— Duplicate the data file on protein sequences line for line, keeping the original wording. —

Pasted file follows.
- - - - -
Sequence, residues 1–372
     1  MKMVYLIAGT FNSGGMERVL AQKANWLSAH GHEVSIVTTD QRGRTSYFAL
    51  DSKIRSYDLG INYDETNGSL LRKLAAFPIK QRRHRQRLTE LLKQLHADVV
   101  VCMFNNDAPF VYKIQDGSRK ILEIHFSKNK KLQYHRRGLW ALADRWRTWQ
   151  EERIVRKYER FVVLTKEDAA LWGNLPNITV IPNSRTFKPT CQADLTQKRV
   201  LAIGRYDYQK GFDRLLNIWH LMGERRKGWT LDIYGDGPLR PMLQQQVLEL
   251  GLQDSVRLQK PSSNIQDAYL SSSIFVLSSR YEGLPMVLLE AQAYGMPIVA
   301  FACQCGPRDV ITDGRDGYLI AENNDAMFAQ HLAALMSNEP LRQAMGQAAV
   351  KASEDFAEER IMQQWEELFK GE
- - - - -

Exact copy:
Sequence, residues 1–372
     1  MKMVYLIAGT FNSGGMERVL AQKANWLSAH GHEVSIVTTD QRGRTSYFAL
    51  DSKIRSYDLG INYDETNGSL LRKLAAFPIK QRRHRQRLTE LLKQLHADVV
   101  VCMFNNDAPF VYKIQDGSRK ILEIHFSKNK KLQYHRRGLW ALADRWRTWQ
   151  EERIVRKYER FVVLTKEDAA LWGNLPNITV IPNSRTFKPT CQADLTQKRV
   201  LAIGRYDYQK GFDRLLNIWH LMGERRKGWT LDIYGDGPLR PMLQQQVLEL
   251  GLQDSVRLQK PSSNIQDAYL SSSIFVLSSR YEGLPMVLLE AQAYGMPIVA
   301  FACQCGPRDV ITDGRDGYLI AENNDAMFAQ HLAALMSNEP LRQAMGQAAV
   351  KASEDFAEER IMQQWEELFK GE